Location: Plant Science Research2018 Annual Report
Objective 1: Reduce yield losses and stand decline in alfalfa from biotic and abiotic stresses. Objective 2: Increase value of alfalfa and rotational crops by developing new products.
Subobjective 1a: Determine the location of QTL for resistance to Aphanomyces root rot. A combination of genotyping by sequencing and interval mapping will be used to identify the chromosomal locations of resistance genes. Crosses will be made with plants segregating for single resistance genes to develop differential lines to identify specific pathogen races. Subobjective 1b: Evaluate sensitivity of seed rot, damping-off, and root rot pathogens to fungicides and biological agents. Test efficacy of fungicides and biologicals when used as seed treatments. Measure disease resistance in experimental germplasm that has undergone selection for resistance to Pythium species causing seed rot and damping off. Subobjective 1c: Evaluate resistance of alfalfa plants expressing defensin peptides to crown rot pathogens. Plants expressing defensins will be identified by quantitative RT-PCR and Western blotting. Disease resistance will be measured using detached leaf assays and whole plant inoculations. Populations for field-testing will be developed by crossing the most resistant plants to adapted germplasm. Subobjective 1d: Measure resistance in alfalfa germplasm to diverse strains of Pseudomonas syringae, the pathogen causing bacterial stem blight (BSB) of alfalfa. Tag bacterial strains with GFP to facilitate tracking plant invasion and measuring bacterial growth. Investigate the effect of glyphosate treatment on gene expression, disease resistance, and cold tolerance. Subobjective 1e: Test mutated plants developed using genome editing for deletions in a susceptibility gene. Evaluate resistance to biotrophic and necrotrophic pathogens using detached leaf assays and whole plant inoculations. Cross mutants to track inheritance of gene mutations. Subobjective 2a: Determine yield and composition of alfalfa leaf protein extracts purified using different methods from biomass and conventional alfalfa. Proteins will be extracted with heat, cold, and pH treatments from juice of leaf and total herbage. Total protein, amino acids, lipids, fiber and carbohydrate content will be measured. Subobjective 2b: Evaluate the economic and health benefits of alfalfa leaf protein concentrate in aquaculture feeds. Feeding trials will be carried out with yellow perch and rainbow trout in which alfalfa leaf protein replaces fishmeal in the diets.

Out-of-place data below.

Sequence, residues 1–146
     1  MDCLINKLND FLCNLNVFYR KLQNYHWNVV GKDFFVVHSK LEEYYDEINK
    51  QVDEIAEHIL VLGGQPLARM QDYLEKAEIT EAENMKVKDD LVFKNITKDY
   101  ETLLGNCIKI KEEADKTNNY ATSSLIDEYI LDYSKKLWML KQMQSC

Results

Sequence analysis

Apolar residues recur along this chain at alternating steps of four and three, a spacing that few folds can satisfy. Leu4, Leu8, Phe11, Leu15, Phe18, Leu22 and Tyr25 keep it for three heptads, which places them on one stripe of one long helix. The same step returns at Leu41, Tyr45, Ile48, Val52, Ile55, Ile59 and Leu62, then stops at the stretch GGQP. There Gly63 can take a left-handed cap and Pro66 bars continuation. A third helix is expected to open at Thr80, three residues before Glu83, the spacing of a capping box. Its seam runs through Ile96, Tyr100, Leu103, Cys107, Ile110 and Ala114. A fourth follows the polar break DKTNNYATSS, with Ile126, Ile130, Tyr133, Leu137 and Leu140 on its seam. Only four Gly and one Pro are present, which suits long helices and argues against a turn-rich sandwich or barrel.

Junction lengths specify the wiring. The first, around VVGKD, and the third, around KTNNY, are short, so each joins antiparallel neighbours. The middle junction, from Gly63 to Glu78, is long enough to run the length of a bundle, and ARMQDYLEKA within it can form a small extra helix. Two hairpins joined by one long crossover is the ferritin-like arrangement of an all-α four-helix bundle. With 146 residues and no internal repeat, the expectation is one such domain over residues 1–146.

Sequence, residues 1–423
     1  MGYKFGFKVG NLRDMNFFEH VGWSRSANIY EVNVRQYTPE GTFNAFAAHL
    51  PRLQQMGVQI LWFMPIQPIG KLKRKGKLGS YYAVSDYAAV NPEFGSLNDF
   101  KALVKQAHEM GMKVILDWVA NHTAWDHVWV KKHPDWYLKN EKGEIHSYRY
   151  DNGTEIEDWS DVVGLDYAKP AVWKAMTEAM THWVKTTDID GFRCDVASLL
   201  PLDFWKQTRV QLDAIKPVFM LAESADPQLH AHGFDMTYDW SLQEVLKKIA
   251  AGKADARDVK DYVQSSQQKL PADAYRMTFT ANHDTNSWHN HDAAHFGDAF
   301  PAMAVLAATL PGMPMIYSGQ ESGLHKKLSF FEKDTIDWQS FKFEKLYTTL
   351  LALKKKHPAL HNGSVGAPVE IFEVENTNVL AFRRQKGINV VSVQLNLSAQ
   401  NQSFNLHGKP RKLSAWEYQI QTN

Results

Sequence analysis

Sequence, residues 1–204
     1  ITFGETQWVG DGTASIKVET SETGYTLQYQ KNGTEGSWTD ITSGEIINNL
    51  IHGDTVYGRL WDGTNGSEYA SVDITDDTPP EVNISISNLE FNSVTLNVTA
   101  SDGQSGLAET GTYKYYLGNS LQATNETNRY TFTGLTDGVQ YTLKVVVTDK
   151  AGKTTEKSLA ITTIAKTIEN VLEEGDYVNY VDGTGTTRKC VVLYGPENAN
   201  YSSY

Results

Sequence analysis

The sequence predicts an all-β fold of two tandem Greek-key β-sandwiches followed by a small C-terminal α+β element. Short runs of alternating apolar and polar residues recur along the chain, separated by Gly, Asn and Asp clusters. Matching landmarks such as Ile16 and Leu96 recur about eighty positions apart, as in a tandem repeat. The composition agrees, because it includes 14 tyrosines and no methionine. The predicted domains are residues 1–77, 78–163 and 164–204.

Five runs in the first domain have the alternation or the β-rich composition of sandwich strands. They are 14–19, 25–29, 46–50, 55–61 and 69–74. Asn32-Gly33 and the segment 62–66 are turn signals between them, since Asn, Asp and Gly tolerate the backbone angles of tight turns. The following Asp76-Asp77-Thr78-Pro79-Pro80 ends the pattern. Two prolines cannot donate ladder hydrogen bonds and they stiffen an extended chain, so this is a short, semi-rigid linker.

This is a new bridging project initiated March 2018. Significant progress has been made under Objective 1 in which commercial fungicides have been obtained from four companies and used in agar plate based assays to determine which products have activity against seed rot and seedling damping off organisms. Also, 45 new isolates of Pseudomonas syringae have been recovered from alfalfa stems showing symptoms of bacterial stem blight. Interestingly, a new pathogen was identified in diseased stems, Pseudomonas viridiflava, previously shown to be involved in alfalfa crown rot. The interaction of the two pathogens in bacterial stem blight is being investigated. Genetic diversity of the two pathogens is being measured using a multi-locus sequence typing approach as well as repetitive PCR fingerprinting. Pathogenic diversity and ability to act as an ice nucleus is also being tested. The green fluorescent protein gene was introduced into five Pseudomonas syringae strains in order to be able to visually follow pathogen invasion in plant tissue. A new vector for making mutations in a disease susceptibility gene was generated and transgenic alfalfa plants have been produced. Under Objective 2, a second yellow perch feeding study and a rainbow trout feeding study were completed. Results are being analyzed and manuscripts are in preparation.
Castle, S.C., Song, Z., Gohl, D.M., Gutknecht, J., Rosen, C., Sadowsky, M.J., Samac, D.A., Kinkel, L.L. 2018. DNA template dilution greatly impacts amplicon-sequencing based estimates of soil fungal diversity. Phytobiomes Journal. 2:100-107. doi: 10.1094/pbiomes-09-17-0037-r.